Sunday, October 19, 2008

Holy Saturday Time

I know it's not Triduum in the larger liturgical season, but I feel like I'm living in a Holy Saturday kind of time right now. I've been between worlds lately. After a valient struggle with cancer, my aunt Susie passed away last week. I wish I could make it to the funeral tomorrow, but distance and demands at work this week are making that trip unrealistic. Please pray for my uncle and cousins. A building contractor his whole life, my uncle has spent years building houses for other people, and over the last couple years he started building his own house, situated on my grandma's farm where he and Aunt Susie planned to spend their retirement years. The house now is just about finished, but the way things have played out, that dream is not to be, at least not the way he hoped it would be. Talk about a Good Friday heartbreak on so many levels.

At the same time, looking ahead to the Resurrection (or perhaps I'm totally jumping around the liturgical year to the celebration of the Incarnation), my sister and brother-in-law are expecting their first child any day now. We expected the little one by C-section last Thursday, but her little lungs weren't quite ready yet, so they are giving her another week or so to develop a bit more. I am so excited about this little girl's coming into the world. She will be my first niece, and when you aren't having kids of your own, nieces and nephews become even more wonderful! I have been praying for my sister and this baby for months, and now the time is almost here. I can't wait to meet her.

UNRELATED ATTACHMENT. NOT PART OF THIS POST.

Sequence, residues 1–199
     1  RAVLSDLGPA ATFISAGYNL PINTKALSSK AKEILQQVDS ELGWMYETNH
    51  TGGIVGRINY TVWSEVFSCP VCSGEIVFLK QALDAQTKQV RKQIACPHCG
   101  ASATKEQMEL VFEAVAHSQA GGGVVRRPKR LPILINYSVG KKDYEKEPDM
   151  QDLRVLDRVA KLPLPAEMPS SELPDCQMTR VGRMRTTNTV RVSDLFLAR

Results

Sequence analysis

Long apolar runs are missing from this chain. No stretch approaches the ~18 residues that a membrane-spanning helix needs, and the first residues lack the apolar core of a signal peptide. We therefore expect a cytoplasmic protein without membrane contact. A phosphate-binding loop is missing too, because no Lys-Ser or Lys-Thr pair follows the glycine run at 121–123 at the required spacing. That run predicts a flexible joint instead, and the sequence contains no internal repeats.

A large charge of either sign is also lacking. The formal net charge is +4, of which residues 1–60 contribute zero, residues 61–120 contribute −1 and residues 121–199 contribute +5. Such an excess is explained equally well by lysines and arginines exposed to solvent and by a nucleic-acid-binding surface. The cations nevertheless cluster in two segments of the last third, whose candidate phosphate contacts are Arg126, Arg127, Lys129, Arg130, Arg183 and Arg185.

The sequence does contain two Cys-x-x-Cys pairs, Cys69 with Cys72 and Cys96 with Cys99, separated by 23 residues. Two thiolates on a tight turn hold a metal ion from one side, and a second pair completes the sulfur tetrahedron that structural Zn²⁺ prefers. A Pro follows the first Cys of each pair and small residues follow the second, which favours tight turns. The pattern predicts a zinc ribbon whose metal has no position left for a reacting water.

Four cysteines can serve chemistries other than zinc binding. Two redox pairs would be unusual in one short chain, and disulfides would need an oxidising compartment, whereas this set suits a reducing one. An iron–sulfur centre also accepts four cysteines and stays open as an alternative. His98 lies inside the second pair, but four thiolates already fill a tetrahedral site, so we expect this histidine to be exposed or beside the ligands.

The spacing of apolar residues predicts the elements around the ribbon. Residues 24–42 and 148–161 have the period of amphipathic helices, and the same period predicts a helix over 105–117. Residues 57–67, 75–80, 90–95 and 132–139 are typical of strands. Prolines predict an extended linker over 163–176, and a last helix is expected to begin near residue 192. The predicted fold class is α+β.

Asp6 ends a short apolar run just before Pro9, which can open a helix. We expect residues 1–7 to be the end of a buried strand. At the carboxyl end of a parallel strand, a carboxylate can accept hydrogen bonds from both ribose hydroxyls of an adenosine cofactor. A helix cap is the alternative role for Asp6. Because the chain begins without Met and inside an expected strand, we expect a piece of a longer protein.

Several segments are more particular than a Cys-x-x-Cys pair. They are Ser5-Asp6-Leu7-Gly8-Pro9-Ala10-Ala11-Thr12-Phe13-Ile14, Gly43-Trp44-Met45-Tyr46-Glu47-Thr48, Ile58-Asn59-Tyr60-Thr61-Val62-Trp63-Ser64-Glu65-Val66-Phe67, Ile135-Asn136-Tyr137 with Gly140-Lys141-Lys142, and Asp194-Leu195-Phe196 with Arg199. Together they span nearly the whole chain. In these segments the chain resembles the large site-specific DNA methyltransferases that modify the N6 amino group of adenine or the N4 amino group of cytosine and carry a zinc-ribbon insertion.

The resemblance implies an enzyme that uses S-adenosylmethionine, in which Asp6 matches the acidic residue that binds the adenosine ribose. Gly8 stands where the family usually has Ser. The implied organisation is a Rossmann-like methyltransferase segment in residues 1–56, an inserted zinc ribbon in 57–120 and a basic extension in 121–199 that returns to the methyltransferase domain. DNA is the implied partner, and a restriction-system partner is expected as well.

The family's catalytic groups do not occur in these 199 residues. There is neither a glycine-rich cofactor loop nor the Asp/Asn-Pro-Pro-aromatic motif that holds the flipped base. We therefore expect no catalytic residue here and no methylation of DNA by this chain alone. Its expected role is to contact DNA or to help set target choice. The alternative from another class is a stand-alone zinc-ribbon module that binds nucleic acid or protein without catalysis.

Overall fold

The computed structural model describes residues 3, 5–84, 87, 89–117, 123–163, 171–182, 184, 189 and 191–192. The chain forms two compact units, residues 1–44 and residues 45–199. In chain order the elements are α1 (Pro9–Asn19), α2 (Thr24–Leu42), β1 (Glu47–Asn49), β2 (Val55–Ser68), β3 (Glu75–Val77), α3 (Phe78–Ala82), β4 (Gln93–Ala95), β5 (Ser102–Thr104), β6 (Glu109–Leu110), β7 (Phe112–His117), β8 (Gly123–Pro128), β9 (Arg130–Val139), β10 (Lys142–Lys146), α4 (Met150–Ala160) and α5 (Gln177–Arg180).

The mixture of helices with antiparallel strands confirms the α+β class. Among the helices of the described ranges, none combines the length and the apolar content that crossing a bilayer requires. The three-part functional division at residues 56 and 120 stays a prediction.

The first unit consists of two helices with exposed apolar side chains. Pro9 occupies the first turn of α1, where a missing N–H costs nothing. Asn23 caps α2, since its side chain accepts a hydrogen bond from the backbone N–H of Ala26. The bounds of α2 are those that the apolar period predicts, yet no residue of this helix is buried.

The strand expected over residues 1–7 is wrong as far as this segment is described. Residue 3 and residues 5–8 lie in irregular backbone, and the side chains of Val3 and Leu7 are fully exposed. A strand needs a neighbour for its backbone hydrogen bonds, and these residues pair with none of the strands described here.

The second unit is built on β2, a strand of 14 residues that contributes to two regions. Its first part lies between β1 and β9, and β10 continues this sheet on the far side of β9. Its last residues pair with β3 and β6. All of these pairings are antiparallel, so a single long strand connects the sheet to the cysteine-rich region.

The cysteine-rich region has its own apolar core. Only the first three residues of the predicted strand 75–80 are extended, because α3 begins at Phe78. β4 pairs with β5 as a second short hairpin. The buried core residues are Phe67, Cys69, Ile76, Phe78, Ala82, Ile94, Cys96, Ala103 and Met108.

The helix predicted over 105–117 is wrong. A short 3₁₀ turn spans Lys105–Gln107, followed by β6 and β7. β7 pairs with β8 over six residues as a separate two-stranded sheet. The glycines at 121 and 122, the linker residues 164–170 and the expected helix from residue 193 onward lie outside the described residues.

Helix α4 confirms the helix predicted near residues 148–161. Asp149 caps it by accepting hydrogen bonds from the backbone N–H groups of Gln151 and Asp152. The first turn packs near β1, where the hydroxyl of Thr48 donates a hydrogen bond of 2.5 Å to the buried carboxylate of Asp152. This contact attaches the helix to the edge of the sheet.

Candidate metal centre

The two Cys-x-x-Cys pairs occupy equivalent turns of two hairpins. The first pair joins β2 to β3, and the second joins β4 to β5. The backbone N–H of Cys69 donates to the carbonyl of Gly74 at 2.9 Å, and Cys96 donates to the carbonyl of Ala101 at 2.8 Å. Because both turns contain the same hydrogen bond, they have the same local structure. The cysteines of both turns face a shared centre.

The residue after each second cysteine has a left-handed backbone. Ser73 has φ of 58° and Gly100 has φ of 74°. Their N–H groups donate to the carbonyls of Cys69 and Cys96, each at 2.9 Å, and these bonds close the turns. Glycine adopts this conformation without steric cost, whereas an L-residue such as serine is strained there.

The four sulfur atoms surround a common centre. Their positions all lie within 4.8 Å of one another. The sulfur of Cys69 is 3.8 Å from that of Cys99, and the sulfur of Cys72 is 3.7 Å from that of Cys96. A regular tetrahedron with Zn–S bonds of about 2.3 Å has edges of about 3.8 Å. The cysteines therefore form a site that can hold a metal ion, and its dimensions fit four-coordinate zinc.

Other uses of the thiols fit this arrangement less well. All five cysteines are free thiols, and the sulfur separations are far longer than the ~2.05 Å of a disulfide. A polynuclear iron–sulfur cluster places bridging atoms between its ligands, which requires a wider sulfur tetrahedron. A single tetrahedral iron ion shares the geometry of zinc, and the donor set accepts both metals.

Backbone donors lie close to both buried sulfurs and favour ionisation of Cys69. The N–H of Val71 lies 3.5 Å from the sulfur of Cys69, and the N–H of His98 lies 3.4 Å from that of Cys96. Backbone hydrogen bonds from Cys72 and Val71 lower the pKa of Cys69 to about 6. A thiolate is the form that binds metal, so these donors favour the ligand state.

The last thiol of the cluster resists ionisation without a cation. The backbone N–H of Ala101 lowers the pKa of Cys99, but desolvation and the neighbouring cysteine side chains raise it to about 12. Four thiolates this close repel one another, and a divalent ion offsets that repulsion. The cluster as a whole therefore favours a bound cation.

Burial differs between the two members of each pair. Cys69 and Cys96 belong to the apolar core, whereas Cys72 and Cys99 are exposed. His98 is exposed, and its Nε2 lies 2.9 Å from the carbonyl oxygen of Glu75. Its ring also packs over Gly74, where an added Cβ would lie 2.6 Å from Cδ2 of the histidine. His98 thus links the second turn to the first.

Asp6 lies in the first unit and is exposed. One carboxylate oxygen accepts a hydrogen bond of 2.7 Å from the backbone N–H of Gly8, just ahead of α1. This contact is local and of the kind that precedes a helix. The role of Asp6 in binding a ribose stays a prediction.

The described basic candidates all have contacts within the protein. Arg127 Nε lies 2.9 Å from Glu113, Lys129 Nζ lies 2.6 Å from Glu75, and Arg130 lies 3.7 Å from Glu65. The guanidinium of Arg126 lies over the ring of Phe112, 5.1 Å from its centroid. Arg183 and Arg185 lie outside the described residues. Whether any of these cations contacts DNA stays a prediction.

I wonder if God anticipates our coming home to heaven as much as we anticipate the birth of a new baby. Of course we don't want to be born into eternal life too early; some of us need a bit more time to develop our spiritual lives here on earth first. I would like to think God allows each of us as much time as we need. And while I can't believe God actually wills for us the terrible suffering of cancer, I do know that my God loved us enough to experience suffering with us in the crucifixion, and that he also experiences it, in us, with us even now. We are the Body of Christ. While I don't understand the whole mystery of why good people suffer, I do trust that the answer is in the Paschal Mystery, that in Christ's dying and rising to new life, our deaths, our pain, our losses are also transformed into something new, and good, and beautiful. Life is worth living, even if it involves pain, because woven into the same fabric are incredible joys and fantastic beauty- the mystery of love that takes us through pain and death to life.

And so with all the hushed excitement of Easter Vigil, I await the birth of this as yet unnamed niece, with all the prayers and good wishes I can muster for her: may she know joy; may she know love; may she know her gifts, and be a blessing to her family and to the world. May she be a holy child, know God, and bring others to God. May she be good, and true, and beautiful. As Christians, we are an Easter people: in every day, in every pain, in every graced moment, new life beckons us forth.

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